Home » In Ramstein, Rome pushes to speed up weapons deliveries to Kyiv

In Ramstein, Rome pushes to speed up weapons deliveries to Kyiv

As allies expect the conflict to escalate, Defence Minister Crosetto stressed the need “to move from words to deeds as quickly as possible.” Italy is working to deliver anti-air systems, as well as civilian equipment to deal with power cuts

The Ramstein talks. On Friday, representatives from nearly 50 countries supporting Ukraine – the so-called  Ukraine Defence Contact Group – met at the Ramstein Air Base in Germany to discuss the evolution of the Russian war in Ukraine, how to support the latter’s resistance, and how to go about ending hostilities.

  • “Like most wars, this is likely to end at the negotiating table,” said NATO’s Secretary-General Jens Stoltenberg said, “but what happens in negotiations is directly linked to what happens on the battlefield, so we need to deliver more weapons to Ukraine now.”
  • Allies are yet to agree on the details of the next round of military hardware shipments. Kyiv has signalled it needs armoured vehicles and tanks, but some allies are still backpedalling on the organisation.

Italy’s contribution. Representing Italy was Defence Minister Guido Crosetto. “We expect the war to escalate in the coming weeks with an exponential increase in land attacks, building upon the missile attacks carried out by Russia in the last period,” he stated in an official note, recalling that the Russians have trained over 300,000 new recruits.

  • “We must move from words to deeds as quickly as possible,” he stressed, explaining that each nation will contribute by providing military equipment (anti-missile batteries and land vehicles) to help the Ukrainian defence forces cope with the likely-worsening conflict.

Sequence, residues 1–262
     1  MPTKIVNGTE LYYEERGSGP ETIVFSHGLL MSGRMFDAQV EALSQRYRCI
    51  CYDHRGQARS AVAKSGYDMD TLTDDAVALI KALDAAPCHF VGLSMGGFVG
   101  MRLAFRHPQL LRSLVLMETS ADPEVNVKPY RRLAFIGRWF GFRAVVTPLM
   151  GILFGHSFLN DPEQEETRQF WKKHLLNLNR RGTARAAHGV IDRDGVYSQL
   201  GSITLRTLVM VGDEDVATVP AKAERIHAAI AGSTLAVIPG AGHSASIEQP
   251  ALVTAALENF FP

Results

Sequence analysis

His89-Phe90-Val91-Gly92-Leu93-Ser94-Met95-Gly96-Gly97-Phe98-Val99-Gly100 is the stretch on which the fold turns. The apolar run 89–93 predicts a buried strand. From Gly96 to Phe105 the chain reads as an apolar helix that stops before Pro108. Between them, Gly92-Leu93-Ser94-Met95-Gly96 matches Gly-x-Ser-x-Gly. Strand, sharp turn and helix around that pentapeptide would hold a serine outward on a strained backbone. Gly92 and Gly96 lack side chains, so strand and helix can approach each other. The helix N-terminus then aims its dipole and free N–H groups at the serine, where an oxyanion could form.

• That was likely directed to Germany, who is resisting the allies’ efforts to send over tanks for fear of the Kremlin perceiving it as a Berlin-led escalation of the conflict.

Ongoing support. Minister Crosetto reiterated that Italy will continue to play its part, and he confirmed as much in all the various meetings he held on the sidelines of the main event – namely with NATO Secretary General Jens Stoltenberg, with his Ukrainian counterpart Oleksij Reznikov, and with representatives of other allied and partner countries.

  • “Ukraine is very happy with the help our country will be able to give, but the details will be kept secret,” he noted. He also confirmed that Rome will send further aid “when the sixth decree is approved.” Parliament has already laid the tracks.
    • Italy’s aid is likely to include anti-air defence gear, such as SAMP/T systems. Rome is liaising with Paris to deliver the latters, which are jointly built.
  • Italy is also working to deliver civilian material – such as generator sets, tents and clothing – to aid the Ukrainian people in tackling the winter, which Russia has weaponised by means of insistent attacks on the country’s critical energy infrastructure.

The Tajani-Kuleba call. Earlier in the day, Italian Foreign Minister Antonio Tajani spoke with his Ukrainian counterpart Dmytro Kuleba. The latter later confirmed they discussed Italy’s next security assistance package, welcomed Rome’s decision to join the core group on the establishment of a Special tribunal for the crime of aggression against Ukraine and called for sanctions on Russia’s missile/drone industry.

Russia pushes back. Meanwhile, over the course of the day, the Russian Embassy in Italy sought to paint Italy’s military support in a bad light by posting disinformative propaganda. Here’s what happened – and how Minister Crosetto reacted.

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